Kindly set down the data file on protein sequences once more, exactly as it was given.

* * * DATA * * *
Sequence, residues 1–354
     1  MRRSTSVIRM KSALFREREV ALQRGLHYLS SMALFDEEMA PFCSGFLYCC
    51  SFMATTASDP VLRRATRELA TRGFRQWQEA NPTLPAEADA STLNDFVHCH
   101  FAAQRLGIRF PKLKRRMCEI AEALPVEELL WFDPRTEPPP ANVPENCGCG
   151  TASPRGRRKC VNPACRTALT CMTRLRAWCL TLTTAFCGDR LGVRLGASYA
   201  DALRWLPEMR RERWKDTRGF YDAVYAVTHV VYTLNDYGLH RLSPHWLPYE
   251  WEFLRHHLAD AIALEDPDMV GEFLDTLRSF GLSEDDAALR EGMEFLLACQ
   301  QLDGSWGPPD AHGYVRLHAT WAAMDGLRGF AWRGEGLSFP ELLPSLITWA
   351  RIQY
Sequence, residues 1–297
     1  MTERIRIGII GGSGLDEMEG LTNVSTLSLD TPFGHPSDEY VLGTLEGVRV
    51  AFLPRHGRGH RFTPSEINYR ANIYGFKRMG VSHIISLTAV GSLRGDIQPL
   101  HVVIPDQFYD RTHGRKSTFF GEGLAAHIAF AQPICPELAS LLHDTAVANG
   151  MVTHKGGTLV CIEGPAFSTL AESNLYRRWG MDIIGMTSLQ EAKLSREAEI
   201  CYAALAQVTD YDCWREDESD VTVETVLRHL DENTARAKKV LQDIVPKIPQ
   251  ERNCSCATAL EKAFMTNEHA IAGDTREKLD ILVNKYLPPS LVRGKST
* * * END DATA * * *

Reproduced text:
Sequence, residues 1–354
     1  MRRSTSVIRM KSALFREREV ALQRGLHYLS SMALFDEEMA PFCSGFLYCC
    51  SFMATTASDP VLRRATRELA TRGFRQWQEA NPTLPAEADA STLNDFVHCH
   101  FAAQRLGIRF PKLKRRMCEI AEALPVEELL WFDPRTEPPP ANVPENCGCG
   151  TASPRGRRKC VNPACRTALT CMTRLRAWCL TLTTAFCGDR LGVRLGASYA
   201  DALRWLPEMR RERWKDTRGF YDAVYAVTHV VYTLNDYGLH RLSPHWLPYE
   251  WEFLRHHLAD AIALEDPDMV GEFLDTLRSF GLSEDDAALR EGMEFLLACQ
   301  QLDGSWGPPD AHGYVRLHAT WAAMDGLRGF AWRGEGLSFP ELLPSLITWA
   351  RIQY
Sequence, residues 1–297
     1  MTERIRIGII GGSGLDEMEG LTNVSTLSLD TPFGHPSDEY VLGTLEGVRV
    51  AFLPRHGRGH RFTPSEINYR ANIYGFKRMG VSHIISLTAV GSLRGDIQPL
   101  HVVIPDQFYD RTHGRKSTFF GEGLAAHIAF AQPICPELAS LLHDTAVANG
   151  MVTHKGGTLV CIEGPAFSTL AESNLYRRWG MDIIGMTSLQ EAKLSREAEI
   201  CYAALAQVTD YDCWREDESD VTVETVLRHL DENTARAKKV LQDIVPKIPQ
   251  ERNCSCATAL EKAFMTNEHA IAGDTREKLD ILVNKYLPPS LVRGKST